However, some negative responses should be taken on board, even if phrased rudely. Perhaps you’re trying to present a track as ‘minimal techno’ that playlisters can clearly tell does not fit into this genre, this can be useful feedback to help you pitch your track better in the future.

You should look for broad patterns in many different responses and consider that in your areas for improvement. Don’t just take the word of one particular playlister. Some may say your song has too much melody, while others will say it has too little melody!

If you are trying to match a very specific genre style, then feedback can be quite useful to help you improve your mixing and mastering. Perhaps your beats don’t have enough intensity, or the song is too repetitive, or the vocals don’t come through properly in the mix. Getting tips on these can be useful (or they may be absolute garbage!).

Finally, if you’re going to go for a creative new style, then perhaps you need to just believe in your own vision for the music and let it develop according to your own plan. Take some feedback if necessary, but keep progressing.

If a blogger responds to your ambient mix saying “It needs vocals”, then consider if this is good or bad advice. Just because they prefer music that has vocals does not mean that’s right for your own style of music.

3. Not all Bloggers and Playlisters are Equal

If you’re looking for lots of quality streams, then check out the ‘reach’ and stream count per track for that playlister.

Some playlists through submithub have very large play counts, but many of them are really low.

There’s probably not much point wasting your money on playlists that won’t get any traction.

For example, if it costs you $1 to submit to a playlister that only accepts 5% of their submissions, and if successful, that track will only get 5 plays on their playlist, then I would view that as a VERY bad potential deal for you!

Also, check out their sharing methods. Some playlisters on this label on focus on soundcloud, others focus on spotify, others only have Youtube channels.

If you only focus on spotify plays, then ignore the people that don’t fill this category

4. Many are Very Genre Specific

You should individually select bloggers and playlisters before submitting them, because many bloggers and playlisters on submithub have very specific preferences.

Make sure you check out their profiles before you submit to them.

Don’t submit a minimal techno track to a playlist curator that only accepts commercial house tracks. In most cases, they will never accept you track, no matter how good it is.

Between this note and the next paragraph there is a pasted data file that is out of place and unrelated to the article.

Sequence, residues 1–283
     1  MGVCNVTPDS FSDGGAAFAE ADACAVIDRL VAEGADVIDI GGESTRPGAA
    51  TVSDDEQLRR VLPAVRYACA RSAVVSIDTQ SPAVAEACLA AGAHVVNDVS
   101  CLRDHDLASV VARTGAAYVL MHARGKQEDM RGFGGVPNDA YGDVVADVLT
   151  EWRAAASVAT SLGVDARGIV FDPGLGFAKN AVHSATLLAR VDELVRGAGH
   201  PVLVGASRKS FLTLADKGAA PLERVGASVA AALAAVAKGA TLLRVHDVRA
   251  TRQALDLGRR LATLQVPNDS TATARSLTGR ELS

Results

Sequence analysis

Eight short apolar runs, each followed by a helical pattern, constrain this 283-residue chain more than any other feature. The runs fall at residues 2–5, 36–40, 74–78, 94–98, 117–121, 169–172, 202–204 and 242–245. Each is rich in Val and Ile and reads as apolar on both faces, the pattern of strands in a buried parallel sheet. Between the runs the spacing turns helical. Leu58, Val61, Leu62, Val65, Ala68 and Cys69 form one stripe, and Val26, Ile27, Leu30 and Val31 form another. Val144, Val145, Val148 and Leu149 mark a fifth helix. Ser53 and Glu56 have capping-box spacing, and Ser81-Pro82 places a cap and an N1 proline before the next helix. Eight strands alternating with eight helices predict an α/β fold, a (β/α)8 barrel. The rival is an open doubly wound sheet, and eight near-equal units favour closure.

This is a total waste of money and you will get a ton of pointless rejections.

5. Some are Just in it For The Money

While many of the people you pitch to are honest and give thorough consideration to your track, there are some that are not focused on giving a good service, and want to get through tracks as quickly as possible while getting paid for it.

Some bloggers give very low quality and generic feedback, which can be very unhelpful.

Submithub also has a great feature that allows you to see how long people listened to your track for. Some people reject tracks after quite a short amount of time, which means they made a very quick decision and didn’t really give it time (although I don’t like this at all… in their defense, that’s also likely the behavior of quite a lot of modern day listeners for commercial genres).

Is SubmitHub worth it?

It very much depends on what type of music you release.

SubmitHub is good for particularly commercial sounds or music that very closely matches a specific genre (e.g. well produced pop music, club-ready techno tracks, progressive house music, etc).

Using submithub is a very good primer to getting into the real world of releasing music.

You will probably face a lot of rejection, there are going to be a lot of people that have very predefined tastes about what your music ‘should’ be, you may get bloggers that will try to give you bad advice or might appear very rude.

I think SubmitHub is worth trying out. You can start off with some free credits, or pay a few dollars to go for their premium service.

Just make sure to go into it with the right mind-set. Hopefully you will get some great shares and exposure from it. Either way, take responses with a grain of salt, act on feedback that you think is useful, and believe in your own vision.